Try This: Don't Sell Health Benefits

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This Honda ad eloquently illustrates the REAL reason people buy cars. And indirectly, the way they buy wellness… which is not the same as selling health benefits.

So they can do stuff that matters, and reflect on it later.

Like the time we were late and you said “just change on the way”. I’ll never forget the look on that trucker’s face.

Or the time we drove over Independence Pass. Remember that incredible sunset?

Or that time we drove straight back from Florida, all 18 hours. Never again. EVER.

Or all the fun times at the dog park when Sparky was still with us. He really was part of the family, you know?

Notice what’s not in this ad.

Not a single word about the i-VTEC engine with 250-hp and 253 lb-ft of torque

Nothing about variable cylinder management
And nothing about the MacPherson front strut/multi-link rear design

Now, they do mention mileage, and plenty of passenger room, and a power liftgate – because people do care about that stuff. But notice that it’s in much smaller print.

The core principle

Instead of touting your thirty group fitness classes…or your eight-week weight loss program…or your Cybex multi-stations with adjustable hi/lo cables and your plyo boxes…or your raw food and vegan nutrition coaching:

Connect what you do to the experiences that really matter to your clients, customers and members.

Shocking, but true:

Health, fitness, nutrition and wellness are just enablers.
They’re a means to an end, not an end in themselves.

The usual benefits that health and wellness professionals emphasize – more energy, strong bones and muscles, better sleep, etc. – are actually secondary to most of your potential clients.

Time to practice

Translate health benefits into “life benefits” – the payoff for your customers – the experience that they actually care about.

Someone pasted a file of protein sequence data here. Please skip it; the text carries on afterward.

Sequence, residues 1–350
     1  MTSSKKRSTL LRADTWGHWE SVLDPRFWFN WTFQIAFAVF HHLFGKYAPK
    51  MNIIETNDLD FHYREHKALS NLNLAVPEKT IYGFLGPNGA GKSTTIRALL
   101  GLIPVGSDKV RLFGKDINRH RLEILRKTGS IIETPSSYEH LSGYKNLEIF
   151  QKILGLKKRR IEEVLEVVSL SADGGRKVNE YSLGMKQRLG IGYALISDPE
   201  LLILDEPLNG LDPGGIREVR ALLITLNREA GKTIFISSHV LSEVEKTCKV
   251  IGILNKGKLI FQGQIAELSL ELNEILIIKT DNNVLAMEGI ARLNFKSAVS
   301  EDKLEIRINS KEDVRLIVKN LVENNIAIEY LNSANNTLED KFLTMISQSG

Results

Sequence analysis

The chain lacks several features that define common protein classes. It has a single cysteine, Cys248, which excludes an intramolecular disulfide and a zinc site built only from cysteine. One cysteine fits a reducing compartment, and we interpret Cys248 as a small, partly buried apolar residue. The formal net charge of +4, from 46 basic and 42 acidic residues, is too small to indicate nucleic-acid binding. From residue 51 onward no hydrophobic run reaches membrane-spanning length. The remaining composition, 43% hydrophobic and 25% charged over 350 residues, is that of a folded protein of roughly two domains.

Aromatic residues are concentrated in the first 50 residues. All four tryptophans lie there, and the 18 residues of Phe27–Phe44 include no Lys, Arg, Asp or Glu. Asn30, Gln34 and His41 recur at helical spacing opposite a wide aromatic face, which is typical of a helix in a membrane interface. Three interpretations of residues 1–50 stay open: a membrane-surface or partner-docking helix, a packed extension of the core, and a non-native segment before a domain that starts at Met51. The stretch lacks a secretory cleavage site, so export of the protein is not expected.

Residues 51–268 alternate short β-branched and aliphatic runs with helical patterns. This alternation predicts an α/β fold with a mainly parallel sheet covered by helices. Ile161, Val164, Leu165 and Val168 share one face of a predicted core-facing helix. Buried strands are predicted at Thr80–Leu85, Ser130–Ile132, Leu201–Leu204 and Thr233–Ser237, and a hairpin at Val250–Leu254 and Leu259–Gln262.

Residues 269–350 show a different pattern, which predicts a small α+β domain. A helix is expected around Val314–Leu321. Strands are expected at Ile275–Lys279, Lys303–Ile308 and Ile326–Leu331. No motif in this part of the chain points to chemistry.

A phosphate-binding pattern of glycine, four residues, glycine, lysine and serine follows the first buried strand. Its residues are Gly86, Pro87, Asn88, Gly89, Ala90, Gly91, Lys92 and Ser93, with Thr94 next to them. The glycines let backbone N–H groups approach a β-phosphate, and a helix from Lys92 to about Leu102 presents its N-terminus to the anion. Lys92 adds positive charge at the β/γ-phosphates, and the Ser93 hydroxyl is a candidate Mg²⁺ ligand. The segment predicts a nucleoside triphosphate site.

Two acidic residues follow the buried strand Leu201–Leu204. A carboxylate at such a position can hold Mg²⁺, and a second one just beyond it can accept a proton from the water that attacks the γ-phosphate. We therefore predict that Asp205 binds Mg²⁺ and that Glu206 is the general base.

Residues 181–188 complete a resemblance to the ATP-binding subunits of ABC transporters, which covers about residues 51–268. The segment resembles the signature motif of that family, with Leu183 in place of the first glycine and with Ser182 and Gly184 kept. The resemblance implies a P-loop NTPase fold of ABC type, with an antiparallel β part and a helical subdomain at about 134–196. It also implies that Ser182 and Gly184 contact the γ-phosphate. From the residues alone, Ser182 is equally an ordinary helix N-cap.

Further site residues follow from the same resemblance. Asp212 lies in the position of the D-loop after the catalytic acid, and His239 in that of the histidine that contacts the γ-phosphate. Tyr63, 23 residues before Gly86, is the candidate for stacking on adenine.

Here’s an example:
“More energy”…to do what?

  • Play with your kids
  • Take care of your mom, and your mother-in-law, and your sick sister
  • Go bowling every Wednesday
  • Fill your days with fun instead of collapsing from exhaustion right after supper
  • Accept an international promotion with total confidence that you can keep up
  • Work on your novel
  • Paint your bathroom
  • Complete your first duathlon
  • Handle a stressful situation with your teen without losing it

Here’s a fantastic example from a client who translates the benefits of “strong bones and muscles” into the payoffs that really matter to his target market, which includes mature adults and seniors:

“Seniors want to garden, pick up their grandkids, take a stroll without pooping out after 5 minutes, be secure when getting into and out of a car, a bathtub.”

Now you try:

  • What are the top 3 – 5 health and wellness benefits you normally emphasize in your marketing?
  • What’s the actual payoff of those benefits for your typical clients?

(BONUS TIP: In the ad, notice how fading the list at the top actually makes you look at the ad content even more closely. THIS is why graphic design is about more than pretty pictures.)